Despite the fact that 15 of the 19 hijackers of 9/11 were Saudis (as was their mastermind, Osama bin Laden), that the goal of millions of Wahhabi Saudis is the destruction of the West (including the U.S.), and outrageous human rights violations (over a year in prison and 300 lashes for possessing homemade wine!), the U.S. and the Saudis have maintained relatively good relations. A mutual distrust of Iran and lots of oil still buried in the desert sands of the Arabian Peninsula play a significant role in that. How fragile is the relationship? What is the future of the House of Saud? What or who is next?

The Louisiana Purchase—The Ultimate Real Estate Deal

Thomas Jefferson had a vision to explore the Louisiana Territory. He wound up buying this land in, arguably, the greatest land investment in U.S. history—which virtually doubled the size of the country. Simultaneously, he convinced Congress to fund a scientific and commercially based expedition of the area under the leadership of Meriwether Lewis and William Clark. What were Jefferson’s and Napoleon’s motives in this transaction? Why were Lewis and Clark chosen for this effort? What were their successes and failures, and what role did Sacagawea play during this 28-month journey? Was this with no money down? Do you think they’ll be serving drinks on this flight?

 

Over at Hodges, they’ve got an equally great selection of lectures and seminars that’ll make you think.

Life on the Visa Line

Visas were issued and denied in great numbers even before the era of “extreme vetting.” This talk gives a brief overview of how visa and refugee decisions are made, and it addresses the topic with a very light (dare we say humorous) touch. Speaker Bruce Beardsley rose from vice consul to supervisory consul general, overseeing the largest visa operations in the world, taking breaks in his career to run what was then the largest United States refugee processing operation.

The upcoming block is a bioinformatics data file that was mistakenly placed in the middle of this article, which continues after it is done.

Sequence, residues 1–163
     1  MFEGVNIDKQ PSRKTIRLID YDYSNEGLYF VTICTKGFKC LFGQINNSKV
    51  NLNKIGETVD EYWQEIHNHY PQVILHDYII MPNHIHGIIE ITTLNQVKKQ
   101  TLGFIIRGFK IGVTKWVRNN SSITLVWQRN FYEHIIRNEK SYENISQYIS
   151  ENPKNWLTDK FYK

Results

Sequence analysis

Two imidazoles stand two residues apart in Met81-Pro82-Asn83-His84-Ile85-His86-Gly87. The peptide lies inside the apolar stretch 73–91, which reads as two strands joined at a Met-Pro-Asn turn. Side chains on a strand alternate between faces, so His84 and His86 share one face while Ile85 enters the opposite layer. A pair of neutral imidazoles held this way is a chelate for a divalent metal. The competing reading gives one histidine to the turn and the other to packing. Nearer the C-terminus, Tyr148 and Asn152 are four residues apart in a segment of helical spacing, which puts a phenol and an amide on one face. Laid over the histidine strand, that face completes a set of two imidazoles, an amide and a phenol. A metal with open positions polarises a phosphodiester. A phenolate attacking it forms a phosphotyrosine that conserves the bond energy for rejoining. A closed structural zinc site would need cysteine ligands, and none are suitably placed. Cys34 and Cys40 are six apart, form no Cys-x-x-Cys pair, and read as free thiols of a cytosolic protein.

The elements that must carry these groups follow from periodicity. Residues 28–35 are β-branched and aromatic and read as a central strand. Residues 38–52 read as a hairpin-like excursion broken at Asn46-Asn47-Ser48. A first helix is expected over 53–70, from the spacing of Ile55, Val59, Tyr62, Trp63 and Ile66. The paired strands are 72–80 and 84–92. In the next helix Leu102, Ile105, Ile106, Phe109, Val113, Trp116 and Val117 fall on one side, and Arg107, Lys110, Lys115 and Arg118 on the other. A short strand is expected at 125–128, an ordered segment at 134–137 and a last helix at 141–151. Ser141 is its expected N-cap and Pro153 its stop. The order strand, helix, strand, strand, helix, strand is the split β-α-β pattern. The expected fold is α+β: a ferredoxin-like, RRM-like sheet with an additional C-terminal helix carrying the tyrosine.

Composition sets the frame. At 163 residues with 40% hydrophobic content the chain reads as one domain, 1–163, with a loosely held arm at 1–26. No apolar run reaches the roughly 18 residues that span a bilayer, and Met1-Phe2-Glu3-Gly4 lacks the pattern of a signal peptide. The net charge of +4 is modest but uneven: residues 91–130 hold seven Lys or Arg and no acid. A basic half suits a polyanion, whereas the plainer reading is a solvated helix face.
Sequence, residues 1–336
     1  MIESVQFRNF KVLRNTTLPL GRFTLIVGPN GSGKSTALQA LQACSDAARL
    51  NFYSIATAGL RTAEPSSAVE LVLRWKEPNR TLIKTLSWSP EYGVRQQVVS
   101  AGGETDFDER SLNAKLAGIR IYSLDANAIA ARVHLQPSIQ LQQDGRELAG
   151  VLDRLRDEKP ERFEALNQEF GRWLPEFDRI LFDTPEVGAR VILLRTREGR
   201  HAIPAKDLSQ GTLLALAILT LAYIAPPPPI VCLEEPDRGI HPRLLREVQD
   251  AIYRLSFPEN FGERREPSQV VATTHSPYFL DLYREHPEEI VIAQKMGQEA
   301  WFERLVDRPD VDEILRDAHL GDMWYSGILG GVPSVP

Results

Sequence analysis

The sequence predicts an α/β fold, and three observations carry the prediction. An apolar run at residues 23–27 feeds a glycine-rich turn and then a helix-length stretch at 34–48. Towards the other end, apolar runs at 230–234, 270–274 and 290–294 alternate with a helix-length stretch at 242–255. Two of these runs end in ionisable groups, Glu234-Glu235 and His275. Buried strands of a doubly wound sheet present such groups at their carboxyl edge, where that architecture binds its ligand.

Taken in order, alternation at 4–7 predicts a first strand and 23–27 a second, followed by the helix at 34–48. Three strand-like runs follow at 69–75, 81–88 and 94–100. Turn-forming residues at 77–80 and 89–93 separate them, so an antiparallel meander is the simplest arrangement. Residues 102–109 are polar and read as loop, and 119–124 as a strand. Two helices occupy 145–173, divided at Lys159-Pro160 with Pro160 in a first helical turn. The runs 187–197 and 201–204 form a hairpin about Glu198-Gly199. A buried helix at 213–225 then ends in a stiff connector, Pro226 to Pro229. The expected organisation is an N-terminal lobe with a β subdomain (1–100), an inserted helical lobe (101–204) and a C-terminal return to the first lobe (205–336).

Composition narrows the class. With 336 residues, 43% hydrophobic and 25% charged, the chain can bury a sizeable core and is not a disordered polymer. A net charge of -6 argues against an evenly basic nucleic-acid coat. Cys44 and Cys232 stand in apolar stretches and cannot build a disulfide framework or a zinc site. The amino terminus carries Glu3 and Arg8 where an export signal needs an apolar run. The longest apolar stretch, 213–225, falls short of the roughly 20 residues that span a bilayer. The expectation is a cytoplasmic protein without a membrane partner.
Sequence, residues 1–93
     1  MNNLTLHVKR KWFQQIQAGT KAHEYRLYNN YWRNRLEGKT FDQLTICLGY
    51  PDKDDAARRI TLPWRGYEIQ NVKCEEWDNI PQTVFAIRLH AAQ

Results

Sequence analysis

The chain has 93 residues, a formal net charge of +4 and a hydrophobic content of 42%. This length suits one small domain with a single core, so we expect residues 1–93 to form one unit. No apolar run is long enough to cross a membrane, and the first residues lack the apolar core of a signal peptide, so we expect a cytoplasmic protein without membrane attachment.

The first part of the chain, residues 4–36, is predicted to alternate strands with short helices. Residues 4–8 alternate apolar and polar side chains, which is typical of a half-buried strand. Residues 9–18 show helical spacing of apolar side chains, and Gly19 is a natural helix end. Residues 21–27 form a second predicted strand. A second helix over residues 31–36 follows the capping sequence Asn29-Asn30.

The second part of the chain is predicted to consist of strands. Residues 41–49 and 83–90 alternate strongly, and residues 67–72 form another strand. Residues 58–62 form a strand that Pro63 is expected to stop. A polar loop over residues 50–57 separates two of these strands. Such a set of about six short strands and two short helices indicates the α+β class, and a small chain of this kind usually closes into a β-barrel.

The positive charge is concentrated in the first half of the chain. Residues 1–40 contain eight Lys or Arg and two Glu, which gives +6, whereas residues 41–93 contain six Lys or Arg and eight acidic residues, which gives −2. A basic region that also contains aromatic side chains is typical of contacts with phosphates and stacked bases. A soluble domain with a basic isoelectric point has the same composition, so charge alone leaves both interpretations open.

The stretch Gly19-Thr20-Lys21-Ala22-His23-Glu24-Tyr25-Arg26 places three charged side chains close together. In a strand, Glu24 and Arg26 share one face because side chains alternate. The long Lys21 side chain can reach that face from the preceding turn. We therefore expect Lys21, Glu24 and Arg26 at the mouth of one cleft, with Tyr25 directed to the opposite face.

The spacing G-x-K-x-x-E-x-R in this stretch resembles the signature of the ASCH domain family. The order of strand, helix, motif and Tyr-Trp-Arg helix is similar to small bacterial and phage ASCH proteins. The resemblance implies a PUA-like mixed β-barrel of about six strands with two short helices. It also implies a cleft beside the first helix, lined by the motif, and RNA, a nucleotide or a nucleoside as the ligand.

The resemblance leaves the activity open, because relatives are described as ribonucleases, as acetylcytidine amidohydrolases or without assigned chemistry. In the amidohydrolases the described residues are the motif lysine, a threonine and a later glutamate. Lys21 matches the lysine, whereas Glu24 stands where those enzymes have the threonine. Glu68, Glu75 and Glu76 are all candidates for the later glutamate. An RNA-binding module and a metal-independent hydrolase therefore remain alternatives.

Million Letters Campaign

Andrew Carroll, best-selling author and director of the Center for American War Letters (CAWL) at Chapman University, is traveling the country to seek 1 million war-related letters from every conflict in United States history, including handwritten missives from the Revolution up to emails from Iraq and Afghanistan. Along with showing audience members extraordinary, original letters from CAWL’s collection, he’ll discuss his latest book, My Fellow Soldiers: General John Pershing and the Americans Who Helped Win the Great War. Veterans and others with war letters they are willing to donate to CAWL (either originals or photocopies) are encouraged to bring them to the event. For more information, visit warletters.us. This particular lecture is free and open to the public.

 

Starting in January and continuing through March, Hodges also has the Sixth annual Elliott Katz Lecture Series on the Holocaust. Lectures are $12 each or $60 for the entire six-part run.

And if you feel the need to learn on the go, the Renaissance Academy is offering day trips that’ll knock your socks off. Among the day trips offered this season:

  • Miami South Beach and Art-Deco Walking Tour, $105
  • Ikebana Floral Design Workshop, $40
  • Birding Field Trip, $40
  • The Wick Broadway Costume Museum, lunch and a cabaret performance, $115

 

Of course, it doesn’t always have to be about examining other cultures or external forces. Sometimes, it can be all about you. And though I don’t personally agree with this next statement, the person teaching Memoir Writing at the Renaissance Academy says, “Each person’s life is a series of thought-provoking, emotional experiences. This topical approach to memoir writing will result in a treasure chest of memories for each and every person who will one day read your anecdotes. This class will stimulate each person to leave a written legacy of who you are, your thoughts, your experiences and what you would like to be remembered for.” Because sometimes a smirking face next to a poop emoji just doesn’t convey the many layers of your time on earth. 

I sure hope someone sits next to me on my next flight.